Thursday, March 21, 2013
The way The Happiness Patrol starts is almost in complete, and deliberate, contradiction to how a "normal" Doctor Who story would begin. Usually The Doctor lands on a planet, sees that not everything is as it seems, gets captured, learns more as the story progresses, discovered who the oppressors/antagonists are, defeats them. In Happiness, The Doctor emerges from the TARDIS telling Ace that he's heard of Terra Alpha already and how he needs to take down the government there - tonight. And, to further turn things around, The Doctor and Ace have to go out of their way to get arrested, even when threatened by a trigger happy bunch of gun toting aging cheerleaders.
This approach lends itself so well to how the Andrew Cartmel era was starting to take shape at this time with it putting The Doctor front and center as the catalyst that makes everything happen. It also is a great example of how to properly exploit the new three-episode format. More stuff happens in the first few minutes of this episode than would in almost any other four-parter. It's been said quite often that a new series episode of Doctor Who is essentially a four-part classic story cut and edited into a tight, 45-minute episode. The three-part stories of the 1980s are like a transition into that way of storytelling. There's enough going on in stories like The Happiness Patrol, and enough characters to support the storyline or storylines, that it could easily be filled (or padded) out into four episodes (as the deleted scenes on their accompanying DVD releases would attest), but everything is so tightly written and edited that there is seldom room for a stray line or superfluous scene that doesn't advance the story.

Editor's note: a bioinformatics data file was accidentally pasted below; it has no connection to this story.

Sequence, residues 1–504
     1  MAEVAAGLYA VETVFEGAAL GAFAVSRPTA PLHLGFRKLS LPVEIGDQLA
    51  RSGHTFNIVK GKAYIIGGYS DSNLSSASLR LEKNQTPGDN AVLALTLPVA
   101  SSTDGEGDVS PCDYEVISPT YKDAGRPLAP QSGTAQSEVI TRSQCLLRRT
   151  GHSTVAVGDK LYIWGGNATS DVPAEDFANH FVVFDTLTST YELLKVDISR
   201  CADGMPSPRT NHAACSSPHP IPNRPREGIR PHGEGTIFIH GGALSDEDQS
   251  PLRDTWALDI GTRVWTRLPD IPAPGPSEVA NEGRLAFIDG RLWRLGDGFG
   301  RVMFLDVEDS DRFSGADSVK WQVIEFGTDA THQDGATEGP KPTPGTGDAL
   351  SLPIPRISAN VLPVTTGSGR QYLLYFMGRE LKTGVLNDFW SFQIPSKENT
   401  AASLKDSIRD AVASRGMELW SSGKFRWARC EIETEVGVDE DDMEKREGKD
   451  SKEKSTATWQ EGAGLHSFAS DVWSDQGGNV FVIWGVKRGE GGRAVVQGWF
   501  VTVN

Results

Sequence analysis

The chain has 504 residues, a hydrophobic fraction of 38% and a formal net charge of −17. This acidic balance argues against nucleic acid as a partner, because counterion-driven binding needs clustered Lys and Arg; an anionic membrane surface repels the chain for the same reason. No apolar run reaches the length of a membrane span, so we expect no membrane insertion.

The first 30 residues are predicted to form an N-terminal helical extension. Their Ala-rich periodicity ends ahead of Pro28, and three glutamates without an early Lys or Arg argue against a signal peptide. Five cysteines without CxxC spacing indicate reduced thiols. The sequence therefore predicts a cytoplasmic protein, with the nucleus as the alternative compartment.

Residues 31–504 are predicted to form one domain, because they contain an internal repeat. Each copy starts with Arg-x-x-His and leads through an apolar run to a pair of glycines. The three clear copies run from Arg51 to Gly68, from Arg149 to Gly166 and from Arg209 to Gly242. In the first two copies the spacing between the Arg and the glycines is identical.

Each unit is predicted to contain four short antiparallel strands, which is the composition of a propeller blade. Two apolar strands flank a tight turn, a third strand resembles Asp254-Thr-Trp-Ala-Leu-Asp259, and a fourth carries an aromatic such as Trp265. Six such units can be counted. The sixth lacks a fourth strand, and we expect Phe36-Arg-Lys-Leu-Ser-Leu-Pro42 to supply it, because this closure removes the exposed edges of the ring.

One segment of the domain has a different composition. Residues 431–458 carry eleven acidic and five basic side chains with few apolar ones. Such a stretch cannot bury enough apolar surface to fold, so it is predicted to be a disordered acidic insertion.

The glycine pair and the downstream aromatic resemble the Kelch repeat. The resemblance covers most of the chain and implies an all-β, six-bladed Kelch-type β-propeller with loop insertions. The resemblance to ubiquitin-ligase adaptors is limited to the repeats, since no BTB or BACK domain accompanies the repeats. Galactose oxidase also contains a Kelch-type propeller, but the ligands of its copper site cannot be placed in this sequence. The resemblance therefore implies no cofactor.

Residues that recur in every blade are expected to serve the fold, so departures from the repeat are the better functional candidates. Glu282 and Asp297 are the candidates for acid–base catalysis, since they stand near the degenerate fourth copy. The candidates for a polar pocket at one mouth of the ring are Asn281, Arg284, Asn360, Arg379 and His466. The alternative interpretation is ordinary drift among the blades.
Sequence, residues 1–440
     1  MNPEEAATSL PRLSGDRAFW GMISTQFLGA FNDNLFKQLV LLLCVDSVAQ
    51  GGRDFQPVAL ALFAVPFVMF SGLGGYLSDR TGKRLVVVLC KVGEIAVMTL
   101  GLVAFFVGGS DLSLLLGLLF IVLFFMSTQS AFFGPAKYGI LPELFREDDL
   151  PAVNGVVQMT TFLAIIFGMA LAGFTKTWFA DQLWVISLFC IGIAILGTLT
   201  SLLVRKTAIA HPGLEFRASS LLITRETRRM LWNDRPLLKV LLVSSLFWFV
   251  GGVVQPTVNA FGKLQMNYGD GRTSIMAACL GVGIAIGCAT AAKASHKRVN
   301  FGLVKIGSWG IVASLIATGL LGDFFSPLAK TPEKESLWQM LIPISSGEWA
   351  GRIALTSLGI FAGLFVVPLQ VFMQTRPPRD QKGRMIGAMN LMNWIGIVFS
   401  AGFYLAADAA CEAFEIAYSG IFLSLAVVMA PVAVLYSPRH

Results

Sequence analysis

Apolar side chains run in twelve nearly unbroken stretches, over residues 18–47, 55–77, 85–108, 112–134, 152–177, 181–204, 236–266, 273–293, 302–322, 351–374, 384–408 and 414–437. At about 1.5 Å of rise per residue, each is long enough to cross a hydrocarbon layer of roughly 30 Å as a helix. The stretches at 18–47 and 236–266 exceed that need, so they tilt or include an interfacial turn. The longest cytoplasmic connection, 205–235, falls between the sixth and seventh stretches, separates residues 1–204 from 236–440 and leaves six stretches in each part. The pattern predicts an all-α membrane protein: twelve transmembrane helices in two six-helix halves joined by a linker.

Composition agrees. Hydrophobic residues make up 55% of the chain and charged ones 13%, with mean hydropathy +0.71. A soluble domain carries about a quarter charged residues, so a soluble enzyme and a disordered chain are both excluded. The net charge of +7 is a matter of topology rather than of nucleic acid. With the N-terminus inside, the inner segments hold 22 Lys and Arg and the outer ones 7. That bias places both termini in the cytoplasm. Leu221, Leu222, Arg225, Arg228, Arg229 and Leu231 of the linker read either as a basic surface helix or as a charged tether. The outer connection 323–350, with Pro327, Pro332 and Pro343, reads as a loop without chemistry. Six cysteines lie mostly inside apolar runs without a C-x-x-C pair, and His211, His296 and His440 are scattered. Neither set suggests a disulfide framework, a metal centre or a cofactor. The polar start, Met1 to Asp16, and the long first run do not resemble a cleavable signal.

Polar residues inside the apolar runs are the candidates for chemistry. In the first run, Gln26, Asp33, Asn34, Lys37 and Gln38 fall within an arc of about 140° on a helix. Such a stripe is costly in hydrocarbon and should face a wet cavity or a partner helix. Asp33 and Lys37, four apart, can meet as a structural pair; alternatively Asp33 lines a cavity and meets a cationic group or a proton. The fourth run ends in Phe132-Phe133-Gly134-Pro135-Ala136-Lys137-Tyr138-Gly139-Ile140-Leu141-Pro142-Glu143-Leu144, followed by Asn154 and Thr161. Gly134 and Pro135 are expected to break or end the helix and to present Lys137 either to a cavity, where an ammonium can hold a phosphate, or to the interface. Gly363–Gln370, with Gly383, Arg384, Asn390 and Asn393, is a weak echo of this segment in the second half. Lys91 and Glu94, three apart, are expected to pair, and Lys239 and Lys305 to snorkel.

The setting for this story is also very bizarre, and the abrupt ends to scenes that were brought on by judicious editing actually help in setting an overall tone of unease. Just when you think you're getting to grips with this weird place and its cheerleader security squad, the scene changes to a crazy robot made out of licorice all sorts, then to a grotesque parody of Margaret Thatcher, who appears to be running the whole place. It's all so unsettling so early on, and that's what always compels me to watch it even more.
Posted by Steven at 3:06 PM